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How do loan interest rates work?
Interest is the add-on rate that a borrower needs to pay for borrowing money. Simply put, it’s the price that lenders’ put on the money borrowed to generate maximum profit. This excludes processing fees and other charges to be paid upfront. Interest rates vary based on 1) lender 2) type of loan 3) borrower background and 4) loan repayment term. Interest rate is expressed as an annual percentage of the principal amount borrowed.
Based on Lender – Banks and financing companies often lower or raise their rates according to market competition, thus they advertise “competitive rates”.
Base on Type of Loan – Collateral loan has lower rates compared to non-collateral loan. With collateral loan, the borrowers stand to lose the property (vehicle or real estate) once they fail to pay the loan. In cases such as a default, lender will have to recoup the loss by selling the property. On the other hand, non-collateral loan is riskier to the lender than the borrower because they don’t hold anything of value from the borrower in case the borrower defaults. So the rates of a non-collateral loan includes the added risk involved to manage losses.
Based on Borrower Background – Most of the time this applies to a non-collateral loan which carries a huge risk for lenders, thus their one and only insurance is to determine if the borrower is credit-worthy (meaning you have high likelihood of repaying the loan). What do they look for to consider a person as credit-worthy?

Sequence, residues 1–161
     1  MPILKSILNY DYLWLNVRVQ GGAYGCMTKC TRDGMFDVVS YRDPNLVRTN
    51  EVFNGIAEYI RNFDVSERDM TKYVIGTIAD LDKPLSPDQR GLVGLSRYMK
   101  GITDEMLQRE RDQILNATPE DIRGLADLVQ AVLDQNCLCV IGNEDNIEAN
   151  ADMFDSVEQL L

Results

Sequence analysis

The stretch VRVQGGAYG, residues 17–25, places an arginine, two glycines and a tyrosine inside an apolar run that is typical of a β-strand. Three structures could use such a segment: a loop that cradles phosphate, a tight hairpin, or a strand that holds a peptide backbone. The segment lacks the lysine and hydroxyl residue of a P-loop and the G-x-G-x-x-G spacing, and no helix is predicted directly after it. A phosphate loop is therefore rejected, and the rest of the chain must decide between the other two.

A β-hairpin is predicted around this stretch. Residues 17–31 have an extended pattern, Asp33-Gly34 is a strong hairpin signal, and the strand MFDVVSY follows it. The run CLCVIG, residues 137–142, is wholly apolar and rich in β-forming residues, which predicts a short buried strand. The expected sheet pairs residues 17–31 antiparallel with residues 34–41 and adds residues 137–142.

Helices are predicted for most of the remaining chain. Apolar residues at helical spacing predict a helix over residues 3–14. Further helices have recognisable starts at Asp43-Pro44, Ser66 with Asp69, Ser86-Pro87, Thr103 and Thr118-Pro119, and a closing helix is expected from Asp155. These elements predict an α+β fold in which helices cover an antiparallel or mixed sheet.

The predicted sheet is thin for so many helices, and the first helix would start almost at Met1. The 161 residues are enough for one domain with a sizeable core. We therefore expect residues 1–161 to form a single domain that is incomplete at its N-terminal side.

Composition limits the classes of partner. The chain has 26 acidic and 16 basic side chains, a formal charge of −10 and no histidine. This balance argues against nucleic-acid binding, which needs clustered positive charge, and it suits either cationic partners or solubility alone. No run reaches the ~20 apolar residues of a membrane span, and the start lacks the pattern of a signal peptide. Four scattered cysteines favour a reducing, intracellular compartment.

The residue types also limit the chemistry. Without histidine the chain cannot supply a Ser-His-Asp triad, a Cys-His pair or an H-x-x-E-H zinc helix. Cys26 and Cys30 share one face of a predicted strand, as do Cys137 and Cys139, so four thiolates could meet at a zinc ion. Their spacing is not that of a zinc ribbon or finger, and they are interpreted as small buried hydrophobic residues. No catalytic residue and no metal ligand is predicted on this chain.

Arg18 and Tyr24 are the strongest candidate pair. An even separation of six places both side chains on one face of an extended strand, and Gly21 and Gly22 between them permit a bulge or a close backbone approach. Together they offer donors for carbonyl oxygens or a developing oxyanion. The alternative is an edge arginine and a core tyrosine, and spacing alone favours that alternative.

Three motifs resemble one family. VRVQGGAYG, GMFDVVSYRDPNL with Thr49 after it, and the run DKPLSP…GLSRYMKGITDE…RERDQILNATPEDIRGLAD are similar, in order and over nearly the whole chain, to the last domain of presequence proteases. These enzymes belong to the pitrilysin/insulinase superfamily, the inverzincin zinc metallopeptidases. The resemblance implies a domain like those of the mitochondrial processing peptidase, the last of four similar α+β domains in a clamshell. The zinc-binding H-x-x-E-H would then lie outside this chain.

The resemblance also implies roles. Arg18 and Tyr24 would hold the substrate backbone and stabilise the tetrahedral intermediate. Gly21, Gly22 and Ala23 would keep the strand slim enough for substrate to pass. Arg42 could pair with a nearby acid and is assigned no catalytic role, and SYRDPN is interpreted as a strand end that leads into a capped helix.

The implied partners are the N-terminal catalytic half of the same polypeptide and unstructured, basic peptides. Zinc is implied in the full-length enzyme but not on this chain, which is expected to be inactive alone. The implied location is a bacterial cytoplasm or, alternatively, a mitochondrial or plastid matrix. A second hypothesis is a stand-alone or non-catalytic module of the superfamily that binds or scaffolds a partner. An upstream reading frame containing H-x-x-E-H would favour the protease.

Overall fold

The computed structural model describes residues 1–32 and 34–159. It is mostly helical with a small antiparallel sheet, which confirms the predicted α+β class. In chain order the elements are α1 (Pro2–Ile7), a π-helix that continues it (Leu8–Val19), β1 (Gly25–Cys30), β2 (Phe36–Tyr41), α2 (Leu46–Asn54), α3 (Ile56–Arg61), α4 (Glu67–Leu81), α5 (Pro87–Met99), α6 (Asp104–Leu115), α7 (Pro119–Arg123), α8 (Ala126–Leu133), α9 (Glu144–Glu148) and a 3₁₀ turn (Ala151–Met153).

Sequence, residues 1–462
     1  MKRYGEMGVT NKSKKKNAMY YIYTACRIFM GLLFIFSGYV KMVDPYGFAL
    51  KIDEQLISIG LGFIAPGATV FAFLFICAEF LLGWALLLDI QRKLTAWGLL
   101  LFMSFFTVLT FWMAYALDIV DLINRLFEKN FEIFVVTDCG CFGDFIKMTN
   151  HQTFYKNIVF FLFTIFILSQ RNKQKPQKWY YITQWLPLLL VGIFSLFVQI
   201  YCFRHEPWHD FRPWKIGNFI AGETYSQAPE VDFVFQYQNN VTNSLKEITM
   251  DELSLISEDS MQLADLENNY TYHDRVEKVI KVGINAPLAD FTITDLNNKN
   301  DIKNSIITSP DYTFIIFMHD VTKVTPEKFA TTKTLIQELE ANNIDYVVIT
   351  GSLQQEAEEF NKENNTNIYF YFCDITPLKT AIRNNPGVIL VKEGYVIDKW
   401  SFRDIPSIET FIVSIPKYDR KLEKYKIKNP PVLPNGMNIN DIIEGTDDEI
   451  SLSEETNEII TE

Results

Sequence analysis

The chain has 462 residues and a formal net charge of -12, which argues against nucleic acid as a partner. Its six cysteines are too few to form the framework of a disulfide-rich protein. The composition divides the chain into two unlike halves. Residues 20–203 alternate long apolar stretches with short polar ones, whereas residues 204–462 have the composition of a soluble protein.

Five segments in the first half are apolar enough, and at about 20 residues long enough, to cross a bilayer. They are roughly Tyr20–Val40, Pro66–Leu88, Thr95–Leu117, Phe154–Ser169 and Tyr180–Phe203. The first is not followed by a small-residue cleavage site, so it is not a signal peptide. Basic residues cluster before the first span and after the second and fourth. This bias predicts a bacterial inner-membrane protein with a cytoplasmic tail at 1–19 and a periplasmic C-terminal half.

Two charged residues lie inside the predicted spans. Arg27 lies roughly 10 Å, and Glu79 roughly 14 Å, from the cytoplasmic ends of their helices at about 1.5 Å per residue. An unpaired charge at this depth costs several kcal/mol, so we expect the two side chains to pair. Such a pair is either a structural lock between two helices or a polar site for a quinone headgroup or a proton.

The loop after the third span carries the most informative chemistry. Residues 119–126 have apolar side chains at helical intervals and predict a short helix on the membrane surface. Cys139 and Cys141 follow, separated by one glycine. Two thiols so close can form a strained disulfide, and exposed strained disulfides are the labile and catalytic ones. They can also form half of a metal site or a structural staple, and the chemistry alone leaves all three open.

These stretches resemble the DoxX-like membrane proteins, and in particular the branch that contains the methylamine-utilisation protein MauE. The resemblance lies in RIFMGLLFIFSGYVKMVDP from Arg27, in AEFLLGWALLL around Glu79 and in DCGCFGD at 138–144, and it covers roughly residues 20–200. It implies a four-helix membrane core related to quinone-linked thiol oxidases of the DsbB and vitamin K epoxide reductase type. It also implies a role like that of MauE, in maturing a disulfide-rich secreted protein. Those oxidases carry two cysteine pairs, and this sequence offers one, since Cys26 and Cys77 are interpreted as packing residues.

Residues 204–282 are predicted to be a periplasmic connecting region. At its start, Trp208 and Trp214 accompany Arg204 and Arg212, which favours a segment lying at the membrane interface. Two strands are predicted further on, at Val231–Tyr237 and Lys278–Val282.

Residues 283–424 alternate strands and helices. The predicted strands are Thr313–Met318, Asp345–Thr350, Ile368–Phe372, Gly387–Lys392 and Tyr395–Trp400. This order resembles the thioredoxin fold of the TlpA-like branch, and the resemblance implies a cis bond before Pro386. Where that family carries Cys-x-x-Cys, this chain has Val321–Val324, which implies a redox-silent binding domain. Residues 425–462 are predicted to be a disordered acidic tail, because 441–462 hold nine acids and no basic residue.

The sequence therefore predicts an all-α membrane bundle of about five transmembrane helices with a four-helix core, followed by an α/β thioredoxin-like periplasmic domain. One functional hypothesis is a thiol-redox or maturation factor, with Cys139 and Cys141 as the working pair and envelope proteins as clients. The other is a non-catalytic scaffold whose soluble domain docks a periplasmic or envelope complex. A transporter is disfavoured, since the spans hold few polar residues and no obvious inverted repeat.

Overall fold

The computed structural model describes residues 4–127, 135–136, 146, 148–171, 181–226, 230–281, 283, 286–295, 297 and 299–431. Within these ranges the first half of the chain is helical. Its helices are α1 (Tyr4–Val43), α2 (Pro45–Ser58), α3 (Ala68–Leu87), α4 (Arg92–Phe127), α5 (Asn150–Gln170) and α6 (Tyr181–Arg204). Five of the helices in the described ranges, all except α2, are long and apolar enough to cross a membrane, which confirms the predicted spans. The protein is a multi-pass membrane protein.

Years employed – lenders need to know if you can keep a stable job, thus securing a consistent income.
Monthly net income – lenders use income to determine how much you can borrow and how much you can afford to pay monthly minus all your monthly obligations (bills, government dues etc.) Tip: Lenders approve loan amount that is thrice or four times your monthly net income.
Credit history – lenders have access to credit bureaus, banks and other sectors to determine if you have cancelled credit cards, bounced cheques, poor repayment history. Even court cases filed against you is a negative sign and go against your good character.
Nature of the Company – Lenders also look at the background of the company you work for to make sure they won’t easily file for bankruptcy thus leaving you without a source of income. Most lenders require borrowers to be employed to a company that has been in operation for 2+ years.
Based on Loan Term – The longer you want to pay back the loan the higher the interest rates will be. Longer loan repayment term has a higher risk of non-repayment, taking into account many possible unknowns that may happen within that span of time. For example, in three years’ time you may lose or quit your job, your company may close, and a dire emergency might force you to forego payments or not pay at all. All these scenarios are considered by lenders thus they try to balance the risk with early returns.
Do banks follow lending rates guideline set by BSP?
BSP or Bangko Sentral ng Pilipinas as a regulating body has not set specific threshold for lending rates since 1983. The BSP follows a market-oriented interest rate policy which allows the banks and lenders and pawnshops to set its own rates. However, they require lending companies to be 100% transparent to borrowers and that interest rates applied must be duly indicated on loan agreements, promissory notes and/or pawn ticket.